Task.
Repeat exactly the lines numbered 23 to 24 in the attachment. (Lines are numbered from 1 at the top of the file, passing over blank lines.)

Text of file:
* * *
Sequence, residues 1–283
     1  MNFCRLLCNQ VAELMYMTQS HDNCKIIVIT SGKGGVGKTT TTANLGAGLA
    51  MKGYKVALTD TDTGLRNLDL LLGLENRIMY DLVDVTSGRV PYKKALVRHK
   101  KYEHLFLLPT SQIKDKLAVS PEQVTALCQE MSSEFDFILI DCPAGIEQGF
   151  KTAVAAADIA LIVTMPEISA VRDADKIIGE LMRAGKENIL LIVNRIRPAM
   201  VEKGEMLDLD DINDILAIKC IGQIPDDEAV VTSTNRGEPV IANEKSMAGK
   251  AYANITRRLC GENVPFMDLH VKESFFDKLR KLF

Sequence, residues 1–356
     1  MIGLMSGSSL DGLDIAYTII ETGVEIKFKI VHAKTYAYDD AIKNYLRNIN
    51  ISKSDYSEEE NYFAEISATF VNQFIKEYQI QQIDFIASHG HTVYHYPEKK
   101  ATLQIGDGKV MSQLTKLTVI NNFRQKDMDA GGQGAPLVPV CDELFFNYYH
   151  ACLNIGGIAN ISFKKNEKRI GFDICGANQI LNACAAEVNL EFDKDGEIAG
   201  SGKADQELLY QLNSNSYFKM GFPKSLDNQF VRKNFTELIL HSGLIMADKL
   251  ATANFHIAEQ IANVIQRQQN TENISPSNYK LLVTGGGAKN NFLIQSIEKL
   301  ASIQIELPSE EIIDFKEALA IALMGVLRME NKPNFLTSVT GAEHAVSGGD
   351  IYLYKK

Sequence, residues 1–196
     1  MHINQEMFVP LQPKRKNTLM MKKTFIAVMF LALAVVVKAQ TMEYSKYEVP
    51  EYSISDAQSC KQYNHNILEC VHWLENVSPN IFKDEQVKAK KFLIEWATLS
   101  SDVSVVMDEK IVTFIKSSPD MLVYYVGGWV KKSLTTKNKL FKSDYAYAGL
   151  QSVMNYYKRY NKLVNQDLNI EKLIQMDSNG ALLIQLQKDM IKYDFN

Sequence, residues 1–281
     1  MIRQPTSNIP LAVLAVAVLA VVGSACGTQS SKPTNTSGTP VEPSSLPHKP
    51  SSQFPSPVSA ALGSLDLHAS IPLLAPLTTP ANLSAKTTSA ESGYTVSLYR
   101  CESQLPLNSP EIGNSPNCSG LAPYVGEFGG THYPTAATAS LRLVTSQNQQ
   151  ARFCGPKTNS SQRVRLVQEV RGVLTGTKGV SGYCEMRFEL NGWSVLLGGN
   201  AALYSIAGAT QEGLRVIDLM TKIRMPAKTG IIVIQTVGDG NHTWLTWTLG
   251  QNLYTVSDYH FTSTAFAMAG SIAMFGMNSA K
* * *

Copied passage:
     1  MIRQPTSNIP LAVLAVAVLA VVGSACGTQS SKPTNTSGTP VEPSSLPHKP
    51  SSQFPSPVSA ALGSLDLHAS IPLLAPLTTP ANLSAKTTSA ESGYTVSLYR